Drunken Driver’s Friend Faces Suit by Bar

     (CN) – A man suing the Pennsylvania bar that served the drunken driver who injured him in a crash must face civil claims from that same bar, a federal judge ruled.
     U.S. Magistrate Douglas Arpert issued the order late last month in the consolidated complaint against the New Hope, N.J., bar Havana, over a drunken-driving crash that occurred in the early-morning hours of March 16, 2012.
     Ryan Alley had been drinking at Havana before he got behind the wheel of the car owned by his friend, Michael Krassan.
     Krassan’s negligence complaint against Havana says the bar served Alley alcoholic drinks until Alley became uncoordinated, “loud and boisterous,” exhibiting slurred speech and “glassy bloodshot eyes.”
     Alley lost control of Krassan’s car at about 2:05 a.m., colliding with a chain-link fence, a street sign, and a tree. Alley’s autopsy showed he had a blood-alcohol level of .21 percent, according to the complaint.
     Krassan survived the crash with severe and permanent internal and external injuries. His case in Trenton against Havana was consolidated with suits filed against the bar by Bonnie Alley, as administrator of her son’s estate, and by Liberty Mutual Insurance Co., which insured Krassan’s car.
     Judge Arpert found on Nov. 20 that Havana can file a third-party complaint against Krassan based on the claim that Krassan gave his keys to Alley and let him drive even though he was allegedly clearly drunk.
     If “Krassan’s alleged negligent entrustment of his vehicle to Ryan Alley caused or contributed to the accident, Michael Krassan would be secondarily liable to Havana for his share of the damages claimed by Bonnie Alley under the Joint Tortfeasors Contribution Act and/or the Comparative Negligence Act,” Arpert wrote.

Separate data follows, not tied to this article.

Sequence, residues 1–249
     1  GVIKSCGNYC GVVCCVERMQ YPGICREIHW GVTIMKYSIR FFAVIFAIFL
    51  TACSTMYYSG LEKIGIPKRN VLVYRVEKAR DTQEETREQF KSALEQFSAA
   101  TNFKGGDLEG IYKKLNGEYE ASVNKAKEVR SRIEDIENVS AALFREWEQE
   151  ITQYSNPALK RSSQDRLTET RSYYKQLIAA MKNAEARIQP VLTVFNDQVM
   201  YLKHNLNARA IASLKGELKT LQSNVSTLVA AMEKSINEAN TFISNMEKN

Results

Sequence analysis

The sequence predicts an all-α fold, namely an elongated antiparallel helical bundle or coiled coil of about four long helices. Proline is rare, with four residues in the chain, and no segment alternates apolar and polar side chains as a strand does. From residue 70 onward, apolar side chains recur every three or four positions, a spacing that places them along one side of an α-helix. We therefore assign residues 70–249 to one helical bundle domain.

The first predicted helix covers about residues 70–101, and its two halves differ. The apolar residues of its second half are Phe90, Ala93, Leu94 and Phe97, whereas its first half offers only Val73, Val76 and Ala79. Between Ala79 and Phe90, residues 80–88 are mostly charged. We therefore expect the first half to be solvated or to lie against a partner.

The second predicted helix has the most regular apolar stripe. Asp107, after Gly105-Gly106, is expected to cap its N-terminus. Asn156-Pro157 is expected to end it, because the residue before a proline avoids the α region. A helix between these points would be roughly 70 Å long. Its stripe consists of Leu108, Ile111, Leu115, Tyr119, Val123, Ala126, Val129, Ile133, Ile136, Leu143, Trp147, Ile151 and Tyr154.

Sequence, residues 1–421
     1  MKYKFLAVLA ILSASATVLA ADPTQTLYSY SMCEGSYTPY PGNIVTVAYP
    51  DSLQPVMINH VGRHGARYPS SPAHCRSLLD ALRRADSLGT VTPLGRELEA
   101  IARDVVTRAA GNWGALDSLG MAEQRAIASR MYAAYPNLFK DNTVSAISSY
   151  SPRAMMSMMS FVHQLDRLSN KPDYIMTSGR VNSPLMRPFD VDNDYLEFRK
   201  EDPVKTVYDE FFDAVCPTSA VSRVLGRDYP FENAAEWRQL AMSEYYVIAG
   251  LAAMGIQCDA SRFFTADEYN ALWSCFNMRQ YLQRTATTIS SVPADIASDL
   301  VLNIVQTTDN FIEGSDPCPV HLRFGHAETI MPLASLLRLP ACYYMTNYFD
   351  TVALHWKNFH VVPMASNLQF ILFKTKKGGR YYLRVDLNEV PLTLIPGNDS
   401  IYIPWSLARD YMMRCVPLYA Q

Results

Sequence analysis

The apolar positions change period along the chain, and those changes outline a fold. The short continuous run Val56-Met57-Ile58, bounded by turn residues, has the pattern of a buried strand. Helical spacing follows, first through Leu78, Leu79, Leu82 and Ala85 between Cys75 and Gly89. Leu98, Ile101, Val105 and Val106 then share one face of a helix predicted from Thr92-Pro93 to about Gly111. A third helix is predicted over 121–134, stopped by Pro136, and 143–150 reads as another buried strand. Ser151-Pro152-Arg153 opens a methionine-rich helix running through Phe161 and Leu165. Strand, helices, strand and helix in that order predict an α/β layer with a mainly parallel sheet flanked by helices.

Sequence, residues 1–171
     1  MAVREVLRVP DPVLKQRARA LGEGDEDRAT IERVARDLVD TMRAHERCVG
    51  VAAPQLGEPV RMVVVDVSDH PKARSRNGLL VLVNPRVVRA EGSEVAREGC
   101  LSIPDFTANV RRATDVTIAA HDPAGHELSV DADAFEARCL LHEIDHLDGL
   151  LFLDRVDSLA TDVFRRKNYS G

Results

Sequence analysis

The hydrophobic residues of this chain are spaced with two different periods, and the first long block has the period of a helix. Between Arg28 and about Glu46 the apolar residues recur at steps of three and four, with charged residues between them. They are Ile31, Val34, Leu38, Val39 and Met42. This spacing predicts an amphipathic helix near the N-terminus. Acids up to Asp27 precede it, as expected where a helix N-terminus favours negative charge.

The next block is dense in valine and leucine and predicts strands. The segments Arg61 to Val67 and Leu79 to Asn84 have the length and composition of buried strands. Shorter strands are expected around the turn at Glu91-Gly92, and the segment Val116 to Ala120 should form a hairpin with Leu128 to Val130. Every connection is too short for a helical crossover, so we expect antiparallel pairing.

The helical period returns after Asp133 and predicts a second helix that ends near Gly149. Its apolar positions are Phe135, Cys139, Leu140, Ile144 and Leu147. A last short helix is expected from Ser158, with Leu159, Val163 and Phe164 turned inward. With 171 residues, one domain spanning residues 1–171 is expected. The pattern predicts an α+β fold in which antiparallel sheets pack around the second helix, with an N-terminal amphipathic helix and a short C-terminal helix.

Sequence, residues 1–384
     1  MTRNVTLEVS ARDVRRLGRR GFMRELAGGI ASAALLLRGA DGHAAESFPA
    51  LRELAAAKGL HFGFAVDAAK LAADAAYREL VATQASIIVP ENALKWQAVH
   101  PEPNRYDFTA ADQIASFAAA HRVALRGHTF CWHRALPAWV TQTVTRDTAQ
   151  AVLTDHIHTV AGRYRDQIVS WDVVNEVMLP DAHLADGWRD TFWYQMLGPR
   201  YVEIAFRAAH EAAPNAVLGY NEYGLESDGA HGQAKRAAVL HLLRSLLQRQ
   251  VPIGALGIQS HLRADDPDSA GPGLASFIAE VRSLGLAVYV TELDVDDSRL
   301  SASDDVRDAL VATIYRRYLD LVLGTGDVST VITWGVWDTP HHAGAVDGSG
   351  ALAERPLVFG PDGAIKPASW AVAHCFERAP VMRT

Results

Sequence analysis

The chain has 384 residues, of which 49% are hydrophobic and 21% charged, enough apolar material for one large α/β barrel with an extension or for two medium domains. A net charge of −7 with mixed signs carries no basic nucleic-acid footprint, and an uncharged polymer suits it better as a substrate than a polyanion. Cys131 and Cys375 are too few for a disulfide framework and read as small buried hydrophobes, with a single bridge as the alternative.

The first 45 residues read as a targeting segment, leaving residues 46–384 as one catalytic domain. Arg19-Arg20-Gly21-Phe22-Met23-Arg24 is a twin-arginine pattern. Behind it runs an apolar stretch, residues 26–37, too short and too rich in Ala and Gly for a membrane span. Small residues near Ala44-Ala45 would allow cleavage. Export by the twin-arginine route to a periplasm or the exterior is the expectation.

“Additionally, none of the parties oppose Havana’s motion and there is no indication that granting Havana leave to file a third-party complaint against Michael Krassan will complicate the trial of this matter or result in prejudice the any of the parties,” the judge added.
     Alpert’s ruling also allows Liberty Mutual to file an amended complaint against Havana’s insurance carrier, Crum and Forester Insurance Company (CFIC).
     Claiming that it has paid medical providers the limit of Krassan’s policy – more than $250,000 – as a result of the accident, Liberty Mutual says CFIC should responsible for additional benefits.
     Judge Arpert found that Liberty Mutual also filed its Oct. 9 motion “well within the deadline for amendments.”
     “There is nothing before the court to suggest bad faith or any dilatory motive by Liberty Mutual in moving to amend its complaint,” Arpert wrote.
     Krassan says Havana advertised to College of New Jersey students in Ewing, N.J., via campus billboards and the student newspaper, and that the bar regularly provided transportation to and from campus.

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